Today is the deadline for teams to offer contracts to their arbitration-eligible players.
Executive vice president Dan Duquette indicated recently that the Orioles will tender all nine of their players - pitchers Jim Johnson, Troy Patton, Brian Matusz, Tommy Hunter and Bud Norris, outfielders Nolan Reimold and Steve Pearce, first baseman Chris Davis and catcher Matt Wieters. Of that group, only Reimold, Pearce and Patton were viewed as possible non-tenders.
Davis made $3.3 million this year. How much is he worth after crushing 53 homers, driving in 138 runs and being named a finalist for the Gold Glove at first base?
I’d gladly take his paycheck next year, but not the heightened expectations that come with it.
Talk about raising the bar. The poor guy will be viewed as a bust if he comes closer to matching his 2012 numbers, which included 33 homers and 85 RBIs. Folks will wonder whether he’s hurt or if this past season was a fluke.
Manager Buck Showalter already asked reporters, in a joking manner, to go easy on Davis next season.
Duquette and Showalter have been discussing the 40-man roster, which is down to one vacancy after Saturday’s trade for catcher Johnny Monell. If the Orioles take a player in the Rule 5 draft, which has become a pattern, they’ll have to create room for other acquisitions over the winter.
In other words, a starting pitcher, left fielder, second baseman and left-handed designated hitter.
Let’s take another look at the 40-man:
Kelvin De La Cruz
Give me your pick for the player most likely to be removed from the 40-man.
I’m surprised that Pearce will be tendered a contract, and that’s not a slap at him. It’s just that he’s been designated and sent packing in the past, and he’s always found his way back into the organization. I assumed that the Orioles would let him go and attempt to re-sign him later.
Obviously, they think another team would scoop him up, and they’d rather hold onto him. But that doesn’t mean he’s automatically going to break camp with them. He would still have to earn a job and he would still have to fight to keep his spot on the 40-man.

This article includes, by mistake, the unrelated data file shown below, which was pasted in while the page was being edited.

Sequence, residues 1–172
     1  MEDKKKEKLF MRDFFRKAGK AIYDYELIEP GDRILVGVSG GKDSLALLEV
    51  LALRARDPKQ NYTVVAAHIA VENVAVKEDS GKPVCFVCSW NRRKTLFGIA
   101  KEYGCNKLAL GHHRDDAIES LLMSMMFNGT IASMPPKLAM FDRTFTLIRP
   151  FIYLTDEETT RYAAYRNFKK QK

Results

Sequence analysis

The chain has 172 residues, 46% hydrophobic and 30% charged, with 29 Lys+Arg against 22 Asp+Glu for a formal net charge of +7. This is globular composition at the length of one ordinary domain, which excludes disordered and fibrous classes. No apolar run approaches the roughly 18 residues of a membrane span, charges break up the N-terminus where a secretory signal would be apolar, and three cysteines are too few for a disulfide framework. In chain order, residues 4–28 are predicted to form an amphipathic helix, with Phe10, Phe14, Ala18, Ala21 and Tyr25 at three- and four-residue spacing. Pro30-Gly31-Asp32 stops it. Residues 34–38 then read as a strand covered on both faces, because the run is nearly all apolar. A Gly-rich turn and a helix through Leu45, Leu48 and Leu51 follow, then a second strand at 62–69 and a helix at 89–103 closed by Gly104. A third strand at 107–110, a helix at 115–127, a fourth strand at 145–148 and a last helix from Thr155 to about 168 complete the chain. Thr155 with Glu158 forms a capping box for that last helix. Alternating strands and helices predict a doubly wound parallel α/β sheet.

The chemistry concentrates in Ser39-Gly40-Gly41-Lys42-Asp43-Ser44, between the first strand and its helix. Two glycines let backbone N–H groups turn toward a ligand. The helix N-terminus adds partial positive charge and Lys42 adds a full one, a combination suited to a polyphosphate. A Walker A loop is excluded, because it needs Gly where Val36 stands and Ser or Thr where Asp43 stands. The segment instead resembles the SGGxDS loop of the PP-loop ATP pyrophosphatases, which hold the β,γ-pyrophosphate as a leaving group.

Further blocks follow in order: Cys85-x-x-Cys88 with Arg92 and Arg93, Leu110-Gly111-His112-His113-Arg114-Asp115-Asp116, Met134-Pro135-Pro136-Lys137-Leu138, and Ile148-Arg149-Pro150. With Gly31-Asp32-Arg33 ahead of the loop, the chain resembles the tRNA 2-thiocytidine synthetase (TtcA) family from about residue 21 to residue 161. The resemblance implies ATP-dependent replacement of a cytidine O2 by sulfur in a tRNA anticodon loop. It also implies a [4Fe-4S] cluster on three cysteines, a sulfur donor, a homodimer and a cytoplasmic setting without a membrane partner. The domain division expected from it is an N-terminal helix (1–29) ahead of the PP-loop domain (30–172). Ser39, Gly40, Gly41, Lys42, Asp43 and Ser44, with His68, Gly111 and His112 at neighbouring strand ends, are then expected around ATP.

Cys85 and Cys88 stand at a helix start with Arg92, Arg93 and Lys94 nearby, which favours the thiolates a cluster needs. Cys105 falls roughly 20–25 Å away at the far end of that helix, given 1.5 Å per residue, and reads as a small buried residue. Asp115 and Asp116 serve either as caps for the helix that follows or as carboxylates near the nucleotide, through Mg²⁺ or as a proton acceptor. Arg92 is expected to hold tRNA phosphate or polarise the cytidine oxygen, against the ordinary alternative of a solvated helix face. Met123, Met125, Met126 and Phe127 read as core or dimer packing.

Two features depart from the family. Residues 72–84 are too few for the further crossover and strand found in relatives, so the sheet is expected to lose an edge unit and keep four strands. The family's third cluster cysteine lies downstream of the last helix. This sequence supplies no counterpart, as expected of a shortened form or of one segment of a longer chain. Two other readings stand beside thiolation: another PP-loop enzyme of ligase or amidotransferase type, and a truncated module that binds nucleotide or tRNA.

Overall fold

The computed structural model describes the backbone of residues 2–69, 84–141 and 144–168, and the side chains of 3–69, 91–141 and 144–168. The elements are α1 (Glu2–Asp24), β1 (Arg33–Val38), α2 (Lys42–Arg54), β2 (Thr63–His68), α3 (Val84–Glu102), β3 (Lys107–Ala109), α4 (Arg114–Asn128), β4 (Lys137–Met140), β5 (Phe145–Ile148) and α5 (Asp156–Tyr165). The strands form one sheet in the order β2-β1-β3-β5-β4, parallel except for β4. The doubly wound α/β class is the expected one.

If you count the 22 pitchers currently on the roster, future additions and the expected handful of invites, that’s a lot of arms for new pitching coach Dave Wallace and bullpen coach Dom Chiti to get acquainted with in spring training. The Orioles may need to build a few more mounds at the Ed Smith Stadium facility.
It’s unusual to find four catchers on the 40-man, especially in early December. If I’m Caleb Joseph, I’ve got to be wondering why I’m not in the group.
Joseph has plenty of supporters in the organization. They just haven’t gotten him protected in the Rule 5 draft.
Don’t assume that having four catchers on the 40-man is a sign that the Orioles will trade Wieters. I’ve heard that theory floated by fans, but it’s highly doubtful that Clevenger, Monell and Ohlman are viewed as potential starters behind the plate. They’re competing for the backup job. That’s it. And Ohlman is ticketed for Double-A Bowie.
Speaking of the Rule 5 draft, is it a good idea to take another reliever and give Showalter even less flexibility in the bullpen? He’s already got enough guys who can’t be optioned.
The Royals will pay Jason Vargas $32 million over four years. The Twins will pay Ricky Nolasco $49 million over four years and Phil Hughes $24 million over three years.
The Orioles need to make a stronger push for Bronson Arroyo, who reportedly has been contacted by seven teams, but still hasn’t received an offer. Arroyo is seeking a three-year deal, but there’s nothing wrong with offering two years and a vesting option.
Arroyo has worked at least 199 innings in each of the past nine seasons. He’s made at least 32 starts in each of the past nine seasons. He won’t require the Orioles to part with their young pitching prospects.
Sign him, pair him with Tillman at the top of the rotation and let everyone else fight for the last three spots. Heck, try to re-sign Scott Feldman and then use another starter or two to fill some other holes.
From what I’ve heard, the Orioles are inclined to hold onto Norris, acquired from the Astros at the non-waiver trade deadline. He’s under team control until 2016.
Without a trade, there’s nothing wrong with a heated competition among Norris, Chen, Gonzalez, Britton, Gausman, McFarland, Stinson, Steve Johnson, etc.